Written Arguments (Feedback)
What are the requirements for a written argument? In this lesson, students will draft an essay arguing in favor of granting asylum to one refugee in the Granting Refuge Activity and against granting it to another. They’ll share their writing and get feedback.
- Read the lesson and student content.
- Anticipate student difficulties and identify the differentiation options you will choose for working with your students.
- Provide a sample argument essay for students.
- Having heard all the presentations, decide whether to name specific teenagers you want students to write about or to allow each student to choose.
- Provide students with a sample argument essay. Many students will know the requirements for argument from studying the rubric and from former writing assignments. The Common Core State Standards ( http://www.corestandards.org/ ), ELA Appendix C, includes student samples for grade 12 argument, including one untitled essay on dress codes. Annotations explaining how and why this sample meets the standard follow the essay. You may want to provide that essay to students who need more support.
Your teacher will give you the final instructions for writing your arguments in favor of granting asylum to one refugee and against granting it to another.
Having written arguments before, you’ll remember that you need an arguable claim with reasons and evidence to support your position. You must cite information from the U.S. immigration policy as well as quote those who spoke at the hearings. You also must address the concerns and counterarguments of your reader.
- Your teacher will provide a sample grade 12 argument for you to look over.
- Circulate through the room to make sure everyone starts writing. Often for students, getting the first words written is the biggest hurdle.
- ELL: As you circulate through the room, be sure that ELLs are able to engage productively. Offer help as needed. If ELLs need to use dictionaries, allow it at all times, but especially when they do independent writing.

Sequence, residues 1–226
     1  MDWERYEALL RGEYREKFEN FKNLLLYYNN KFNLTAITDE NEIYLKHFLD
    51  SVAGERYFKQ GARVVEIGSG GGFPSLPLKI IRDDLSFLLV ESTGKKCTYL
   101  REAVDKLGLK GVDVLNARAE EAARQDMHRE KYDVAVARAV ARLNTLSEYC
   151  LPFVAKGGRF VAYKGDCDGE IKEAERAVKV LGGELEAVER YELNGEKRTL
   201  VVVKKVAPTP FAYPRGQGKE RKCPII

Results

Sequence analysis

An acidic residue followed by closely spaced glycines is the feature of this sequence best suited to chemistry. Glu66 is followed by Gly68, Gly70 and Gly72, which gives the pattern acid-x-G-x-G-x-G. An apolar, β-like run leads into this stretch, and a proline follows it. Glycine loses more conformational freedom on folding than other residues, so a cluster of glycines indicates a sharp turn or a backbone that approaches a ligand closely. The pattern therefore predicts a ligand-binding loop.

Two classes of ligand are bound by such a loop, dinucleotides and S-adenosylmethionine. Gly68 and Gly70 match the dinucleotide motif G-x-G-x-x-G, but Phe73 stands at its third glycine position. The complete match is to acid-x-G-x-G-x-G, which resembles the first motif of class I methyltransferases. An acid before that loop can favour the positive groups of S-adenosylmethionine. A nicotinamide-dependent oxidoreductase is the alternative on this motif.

- Save time for students to share their writing with partners.
You will have 30 minutes to write.
- Begin writing your argument essay.
If you finish before 30 minutes, check your work carefully.
- Allow students just enough time to read each other’s writing and make one suggestion.
- SWD: Pair students who need help with students who can peer tutor them.
Exchange with a partner what you have written so far.
- Read your partner’s essay, and make one recommendation for revising the writing.
- Remind students that they should consider the recommendation of their partners, but the final decision should be theirs about whether to use the recommendation.
Consider the recommendation your partner made.
- Make notes about how and where in the writing you would have to revise what you have written. If you choose not to take the recommendation from your partner, explain in your notes why you decided to stay with what you had.
Send those notes to your teacher.
- Reiterate the importance of revision in writing.
Reread what you have written for your argument essay. Check the writing against the requirements of the Grade 12 Argument Rubric.
- Prepare a final draft to share during Lesson 24.